Many writers say that while they’re drafting, they see their story unspool in their minds like a movie. Unless that film is scratch-n-sniff, this suggests the setting will be rooted only in the visual: see the sky, see the pond, see the sheep. To counter this, and further engage the reader, we learn to write with all the senses: the cerulean sky, the decaying scent of the pond, the coarse coats of the sheep.
But you can do even more.
Today I want to look at how you can revise so the details you sprinkle in—that sky, that pond, and those sheep—can contribute to the emotional world of your story. Consider this excerpt, found on page two of Barbara Kingsolver’s Flight Behavior:
Whoever was in charge of weather had put a recall on blue and nailed up this mess of dirty white sky like a lousy drywall job. The pasture pond seemed to reflect more light off its surface than the sky itself had to offer. The sheep huddled close around its shine as if they too had given up on the sun and settled for second best.
These setting details not only ground the story with a sense of place, but reinforce the emotional state of her protagonist, who is coming to grips with the slow death of her marriage.
Kingsolver demonstrates mad setting skills throughout this novel. The Appalachian mountain on which Dellarobia and her family lives plays a central role as scientists arrive in this backwater town to study the way climate change has altered the migration of monarch butterflies, which are wintering over in Tennessee instead of continuing, as always, to Mexico.
Setting should be meaningful in every story, one could argue, but the way this story ties ecological to domestic change offers up so many passages worthy of study that it’s hard, looking back through, to choose one to analyze for this post. I’ll trust my original instinct and share these potent lines from p. 49 that I underlined my first time through.
Dellarobia couldn’t remember a sadder looking November. The trees had lost their leaves early in the unrelenting rain. After a brief fling with coloration they dropped their tresses in clumps like a chemo patient losing her hair. A few maroon bouquets of blackberry leaves still hung on, but the blue asters had gone to white fluff and the world seemed drained. The leafless pear trees in Hester’s yard had lately started trying to bloom again, bizarrely, little pimply outbursts of blossom breaking out on the faces of the trees. Summer’s heat had never really arrived, nor the cold in its turn, and everything living now seemed to yearn for sun with the anguish of the unloved. The world of sensible seasons had come undone.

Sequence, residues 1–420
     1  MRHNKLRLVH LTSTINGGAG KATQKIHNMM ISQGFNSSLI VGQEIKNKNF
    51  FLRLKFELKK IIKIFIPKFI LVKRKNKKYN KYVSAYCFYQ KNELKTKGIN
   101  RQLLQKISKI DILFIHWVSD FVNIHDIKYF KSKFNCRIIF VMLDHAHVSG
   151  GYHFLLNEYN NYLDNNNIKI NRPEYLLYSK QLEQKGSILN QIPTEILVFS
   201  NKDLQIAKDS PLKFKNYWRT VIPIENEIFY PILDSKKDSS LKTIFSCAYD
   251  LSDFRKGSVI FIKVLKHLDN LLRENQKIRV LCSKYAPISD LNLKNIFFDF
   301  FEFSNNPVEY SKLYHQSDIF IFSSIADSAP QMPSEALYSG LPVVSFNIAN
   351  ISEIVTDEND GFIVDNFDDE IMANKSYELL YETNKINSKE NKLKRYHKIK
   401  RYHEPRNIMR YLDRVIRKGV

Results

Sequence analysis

- Great use of point-of-view here, since sad Dellarobia is the one perceiving this.
- “Early”—change is here. “Unrelenting”—pressures are not likely to let up.
- “Brief fling”—exactly what Dellarobia sets out to have as she heads up the hill at the opening of the book, but her lover doesn’t show and she finds the monarchs instead. I love the foreshadowing here, as the great fear is that the monarchs, which we later learn hang from trees in clumps, will not make it through a winter this far north. Also, Dellarobia’s hair is “flame-colored”—just like the monarchs.
- This is all about the setting—and the state of her marriage. Dellarobia is trying to hold on, but it is draining her. The brief coloration in the third sentence also refers to her marriage, which has now gone to white fluff.
- The comparison to an adolescent personalizes the fact that this opportunistic November blooming will fail. Especially poignant since Dellarobia has two small children, and she worries what will happen to them if big change comes to the mountain and her marriage. It also foreshadows the question of whether change could still be possible for her irascible mother-in-law Hester, who is older. Is it ever too late?
- Nothing is as expected. A lovely way of deepening the desire for warmth and comfort.
- This personification of the seasons suggests big stakes: the world has come undone, and because Dellarobia was the one to note it—and despite her lack of formal education—she must do something about it. Her investment in problems both environmental and domestic will cause her complications in the story to come.
I hope you’ll agree: that’s one helluva paragraph. Think, for a moment, about the ratio here: I just wrung 281 words of meaning from Kingsolver’s 124 words—words all about setting. That’s pretty good storytelling bang for your publisher’s buck.
Could the author have simply described the temperature and rain and bare branches using colors, textures, and smells? Sure. That would have been enough to engage the reader. But Kingsolver’s emotional language has achieved so much more. She has tied her character’s deep desire and fears to the setting, creating a world that will support the premise of her story in a myriad of subtle ways—and in doing so, she will create a story world that is memorable.
Is every sentence of setting description in your novel packed with this much meaning? If not, what could you do about that? If you want to give this technique a shot, feel free to share some before-and-after sentences from your own work in the comments.
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